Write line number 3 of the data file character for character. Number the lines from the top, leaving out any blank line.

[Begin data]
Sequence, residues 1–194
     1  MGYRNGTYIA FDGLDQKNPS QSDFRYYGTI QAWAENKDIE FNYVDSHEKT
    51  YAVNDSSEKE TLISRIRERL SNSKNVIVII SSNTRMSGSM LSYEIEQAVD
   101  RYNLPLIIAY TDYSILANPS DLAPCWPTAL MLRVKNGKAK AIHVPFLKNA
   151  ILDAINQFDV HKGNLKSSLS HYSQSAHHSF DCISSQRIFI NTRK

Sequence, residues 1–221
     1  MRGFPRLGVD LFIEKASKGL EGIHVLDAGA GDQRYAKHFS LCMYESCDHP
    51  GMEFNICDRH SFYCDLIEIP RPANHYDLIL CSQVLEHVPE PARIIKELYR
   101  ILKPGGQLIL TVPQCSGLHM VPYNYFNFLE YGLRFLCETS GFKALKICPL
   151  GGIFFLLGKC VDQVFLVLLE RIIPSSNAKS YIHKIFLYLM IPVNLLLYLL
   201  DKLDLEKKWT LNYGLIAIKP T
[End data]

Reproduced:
    51  YAVNDSSEKE TLISRIRERL SNSKNVIVII SSNTRMSGSM LSYEIEQAVD